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Kitchen Trends From The 1950’s To Today

We all know a lot can change in a year… but how about in 73 years? Today, we’re going on a journey to see how much kitchen designs have altered since the 1950s – and what designs or features are having a revival in the modern age.


1950’s Design

Hello, colour! From bright yellows to blues and lurid greens, colour definitely played a massive role in the 1950s kitchens. So too did built-in appliances and wall-mounted ovens, ensuring there was more space for the wood-look cabinetry and laminate benchtops. 

This is also the time that the kitchen started to make a move from the back to the front, becoming part of the house. Pastel painted steel cabinets also became popular – eek!

On the floor, linoleum, in most instances checked, was the material of choice – easy to clean, durable and available in many different colours. And, walls featured floral wallpapers.

1960s Design

Welcome to the age of rebellion and ‘mod’ design! Like the 1950s, the 1960s was all about colour – but on an even bigger scale. Popular colours included bright oranges, reds and mustard yellow, with the occasional bright green or psychedelic pattern thrown in for effect.

Bright tile counter tops became a thing, with large splashes of wallpaper (even on cabinets) and gold accents became popular. The 60s is when things started to shift from steel cabinets to wooden ones.

This was also the era of dinner parties, where open plan kitchens and dining spaces were in high demand.


1970s Design

Hello, breakfast bar – one good thing we can take away from the 1970s kitchen. There were a few hits and misses in this decade, notably the popular colour schemes of green, yellow, brown and other ‘earthy’ tones. One thing many 1970s kitchens now had was access to a microwave, cutting down the amount of time required to prepare meals.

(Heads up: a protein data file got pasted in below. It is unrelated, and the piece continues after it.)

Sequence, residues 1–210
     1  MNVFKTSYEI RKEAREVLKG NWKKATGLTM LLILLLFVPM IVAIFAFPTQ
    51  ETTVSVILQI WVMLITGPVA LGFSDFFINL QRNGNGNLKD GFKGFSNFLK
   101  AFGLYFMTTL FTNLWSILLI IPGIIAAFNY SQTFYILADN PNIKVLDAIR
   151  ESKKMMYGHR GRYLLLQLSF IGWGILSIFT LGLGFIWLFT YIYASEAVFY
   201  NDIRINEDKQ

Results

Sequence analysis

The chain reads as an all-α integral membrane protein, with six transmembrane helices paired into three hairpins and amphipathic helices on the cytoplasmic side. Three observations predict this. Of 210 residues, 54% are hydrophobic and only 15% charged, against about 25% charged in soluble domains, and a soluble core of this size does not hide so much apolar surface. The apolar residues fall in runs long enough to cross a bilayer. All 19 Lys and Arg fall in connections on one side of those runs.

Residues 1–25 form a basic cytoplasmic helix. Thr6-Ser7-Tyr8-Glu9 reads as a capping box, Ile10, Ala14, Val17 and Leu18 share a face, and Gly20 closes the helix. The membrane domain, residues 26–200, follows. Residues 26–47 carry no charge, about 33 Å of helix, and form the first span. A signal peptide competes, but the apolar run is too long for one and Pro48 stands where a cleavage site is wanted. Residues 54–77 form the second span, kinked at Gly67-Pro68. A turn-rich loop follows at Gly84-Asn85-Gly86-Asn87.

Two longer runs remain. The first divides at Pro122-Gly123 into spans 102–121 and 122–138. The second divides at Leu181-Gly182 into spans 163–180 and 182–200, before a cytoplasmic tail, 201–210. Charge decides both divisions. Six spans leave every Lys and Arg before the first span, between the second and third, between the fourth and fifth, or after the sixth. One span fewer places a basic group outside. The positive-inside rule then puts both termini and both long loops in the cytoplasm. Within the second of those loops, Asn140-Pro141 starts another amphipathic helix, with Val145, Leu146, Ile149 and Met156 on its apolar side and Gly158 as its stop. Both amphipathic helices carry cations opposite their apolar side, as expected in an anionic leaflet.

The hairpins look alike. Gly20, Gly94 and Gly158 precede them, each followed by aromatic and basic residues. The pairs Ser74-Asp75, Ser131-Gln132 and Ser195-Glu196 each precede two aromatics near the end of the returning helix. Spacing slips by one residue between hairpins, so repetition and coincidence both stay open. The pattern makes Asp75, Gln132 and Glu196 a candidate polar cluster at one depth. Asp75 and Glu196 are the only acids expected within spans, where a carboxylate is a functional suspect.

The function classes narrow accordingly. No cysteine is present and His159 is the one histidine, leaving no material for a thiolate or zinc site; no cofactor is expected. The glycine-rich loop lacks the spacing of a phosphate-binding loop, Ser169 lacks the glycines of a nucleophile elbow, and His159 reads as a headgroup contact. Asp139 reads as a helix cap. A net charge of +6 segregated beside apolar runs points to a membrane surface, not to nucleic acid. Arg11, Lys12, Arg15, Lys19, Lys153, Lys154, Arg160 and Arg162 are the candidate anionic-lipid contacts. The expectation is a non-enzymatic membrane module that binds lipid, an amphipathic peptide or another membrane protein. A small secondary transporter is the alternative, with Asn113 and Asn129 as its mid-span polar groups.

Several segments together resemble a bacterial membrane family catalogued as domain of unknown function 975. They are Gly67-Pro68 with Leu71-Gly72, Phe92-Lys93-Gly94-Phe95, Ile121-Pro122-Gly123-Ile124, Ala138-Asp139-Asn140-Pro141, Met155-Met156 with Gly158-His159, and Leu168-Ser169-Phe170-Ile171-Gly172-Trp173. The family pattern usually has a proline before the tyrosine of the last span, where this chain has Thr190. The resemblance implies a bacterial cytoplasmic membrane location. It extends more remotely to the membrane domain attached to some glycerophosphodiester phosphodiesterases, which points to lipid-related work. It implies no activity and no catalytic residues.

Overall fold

Textures and patterns became a big deal so the tile backsplash was king during the 70s. As were colourful appliances and kitchen gear.

1980s Design

Heralding the age of energy efficiency! In this age of appliances, manufacturers with higher energy star ratings were definitely winning the battle. Though the advent of celebrity chefs made home cooking fashionable once more, the same couldn’t be said for the wall-to-wall wood panelling found in many a 1980s kitchen.

The 80s also saw the introduction of the kitchen island for their storage potential. A huge win for kitchen design! The kitchen became more of a space for entertaining and conversations so bigger was better.


1990s Design

Open plan living. That sums up 1990s design in a nutshell – bringing the living spaces and kitchen together to ensure easy indoor entertaining, where the host didn’t have to worry about missing out on any of the conversation. The 1990s also heralded the rise of the stainless steel appliances, from fridges to cooktops and everything in between. 

Simple accents were the style in the 90s. Think white tile floors, light oak cabinetry and white appliances. But the most iconic trend of this time was sponge painting the walls to make them look like plasterwork or stucco.

If we could sum it up in two words, sleek and stylish – that’s the 90s kitchen.

2000s Design & Today

Think clean lines, minimalism and light, bright colour palettes! With outdoor entertaining now a big part of everyday living, most homes now boast fully integrated kitchen, living and alfresco spaces to make at-home parties even easier.

Today we see subway tile splashbacks, wood floors, farmhouse sinks and brass hardware being high on renovators wish lists.

Are you a fan of the kitchens of bygone times, or do you prefer today’s sleek modern finishes? If your old kitchen is getting you down, maybe it’s time for a makeover! Talk to the team at Kitchen Craftsmen today to see how you can transform your kitchen, or take a look through our photo gallery for a little inspiration.


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